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He is the master storyteller whose bodice-ripping yarns revived the bonnet drama. However, Andrew Davies, the screenwriter whose Midas touch has lifted numerous classics from the page to the screen in some of the BBC’s most popular series, says that he would never take on the Brontë sisters.Hillsboro Tribune reviews Bag & Baggage Theatre's production of Polly Teale's Brontë.
Davies, 80, admitted that he was not a fan of the Brontës’ work and thought that they were all “nutty”. He told the Festival of Literature in Dubai: “I tell you who I would not adapt — one of my blind spots is the Brontës. I have not done any Brontë adaptations. I think they are all nutty, they live so much in their own heads.
“Rochester is not a real man at all, he is actually quite silly. All those silly games he plays. I feel very much that he is a wish fulfilment fantasy from a young woman’s imagination.
“Obviously, it is a minority view and most people regard the Brontës highly.”
The revelation that he will not take on the likes of Jane Eyre, Wuthering Heights or Agnes Grey no doubt will incense Brontë fans and disappoint audiences who have been enthralled by his adaptations of classics such as Pride and Prejudice and War and Peace.
Davies begrudgingly admitted that Anne Brontë’s The Tenant of Wildfell Hall was “actually rather good”, but though he described the first half of Jane Eyre as “terrific”, he added: “When [Jane] gets into adult life I find it all too fantastic.” (Tahira Yaqoob)
Cassie Greer's bold, adventurous Charlotte produces the critically acclaimed, but relatively tame book, "Jane Eyre." Morgan Cox's brilliant but very private Emily shocks the literary world with the fierce passions of "Wuthering Heights." However, it is Jessi Walters' gentle, timid Anne who thrusts themes of domestic abuse and debauchery – hardly topics for polite society – center stage in "The Tenant of Wildfell Hall."Keighley News reveals what the Brontë Parsonage Museum is planning to do during the Tour de Yorkshire:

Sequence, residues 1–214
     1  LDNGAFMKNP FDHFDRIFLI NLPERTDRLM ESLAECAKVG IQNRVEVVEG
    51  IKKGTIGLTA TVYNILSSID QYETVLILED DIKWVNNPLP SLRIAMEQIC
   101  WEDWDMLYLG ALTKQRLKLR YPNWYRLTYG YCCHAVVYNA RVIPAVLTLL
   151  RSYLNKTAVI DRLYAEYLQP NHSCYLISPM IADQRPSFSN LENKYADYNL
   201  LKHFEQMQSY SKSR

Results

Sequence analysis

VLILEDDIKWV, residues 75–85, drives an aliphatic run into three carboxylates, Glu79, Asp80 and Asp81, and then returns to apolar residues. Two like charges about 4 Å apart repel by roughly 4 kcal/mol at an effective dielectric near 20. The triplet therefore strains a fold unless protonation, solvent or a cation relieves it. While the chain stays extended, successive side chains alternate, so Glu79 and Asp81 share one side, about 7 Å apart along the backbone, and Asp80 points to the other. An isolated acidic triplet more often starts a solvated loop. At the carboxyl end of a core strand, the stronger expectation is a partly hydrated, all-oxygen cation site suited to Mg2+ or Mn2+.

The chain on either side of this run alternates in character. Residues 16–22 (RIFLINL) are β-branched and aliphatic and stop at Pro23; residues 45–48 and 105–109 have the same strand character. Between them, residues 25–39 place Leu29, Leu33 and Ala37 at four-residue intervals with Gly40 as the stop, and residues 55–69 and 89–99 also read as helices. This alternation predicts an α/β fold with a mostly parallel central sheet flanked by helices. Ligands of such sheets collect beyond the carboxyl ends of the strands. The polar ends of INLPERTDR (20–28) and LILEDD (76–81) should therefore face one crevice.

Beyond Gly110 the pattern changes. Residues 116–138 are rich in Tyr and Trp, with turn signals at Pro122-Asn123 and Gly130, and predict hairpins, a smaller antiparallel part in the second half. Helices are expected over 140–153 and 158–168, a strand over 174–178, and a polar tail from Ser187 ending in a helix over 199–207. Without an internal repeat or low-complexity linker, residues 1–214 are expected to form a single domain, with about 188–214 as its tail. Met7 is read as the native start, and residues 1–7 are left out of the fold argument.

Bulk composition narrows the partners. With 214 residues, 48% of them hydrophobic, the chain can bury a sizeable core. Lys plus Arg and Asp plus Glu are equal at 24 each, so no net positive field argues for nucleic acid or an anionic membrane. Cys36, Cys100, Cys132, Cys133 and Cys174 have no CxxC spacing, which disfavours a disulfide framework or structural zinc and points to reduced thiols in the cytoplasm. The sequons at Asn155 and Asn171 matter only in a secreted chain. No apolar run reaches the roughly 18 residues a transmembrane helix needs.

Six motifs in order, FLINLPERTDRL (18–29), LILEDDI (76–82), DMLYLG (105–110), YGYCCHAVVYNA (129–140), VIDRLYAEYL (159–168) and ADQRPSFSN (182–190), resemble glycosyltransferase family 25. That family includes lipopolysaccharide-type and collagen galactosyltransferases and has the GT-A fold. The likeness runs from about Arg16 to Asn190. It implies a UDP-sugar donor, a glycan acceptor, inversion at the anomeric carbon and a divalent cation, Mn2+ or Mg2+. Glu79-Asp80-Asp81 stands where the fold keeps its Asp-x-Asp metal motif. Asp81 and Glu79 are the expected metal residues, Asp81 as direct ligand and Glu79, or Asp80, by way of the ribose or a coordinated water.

Without sets to create atmosphere, the audience is required to rely on imagination and a forest of books – just as the real Brontë sisters used imagination and their father's extensive library to break the boundaries of their narrow world and create some of the most passionate fiction of the 19th century. While the audience moves about in the library, the story also moves freely, jumping forward and backward in time and interspersing frequent cameos by characters from the sisters' most iconic novels: Cathy and Heathcliff from "Wuthering Heights," and Jane, Rochester and Bertha from "Jane Eyre."
The acting is every bit as good as we have come to expect of a Bag&Baggage cast – Greer, Cox and Walters capture the three sisters personas flawlessly.
Peter Schuyler transitions easily from the upright and autocratic Patrick to the brooding, volatile Rochester and the timid, lovestruck Nicholls. Joey Copsey is at his best as Branwell, who moves from boyish exuberance and abandon to dissolute alcoholism when his father's ambitions send him out of the protection of the family home and into the harsh realities of the outside world.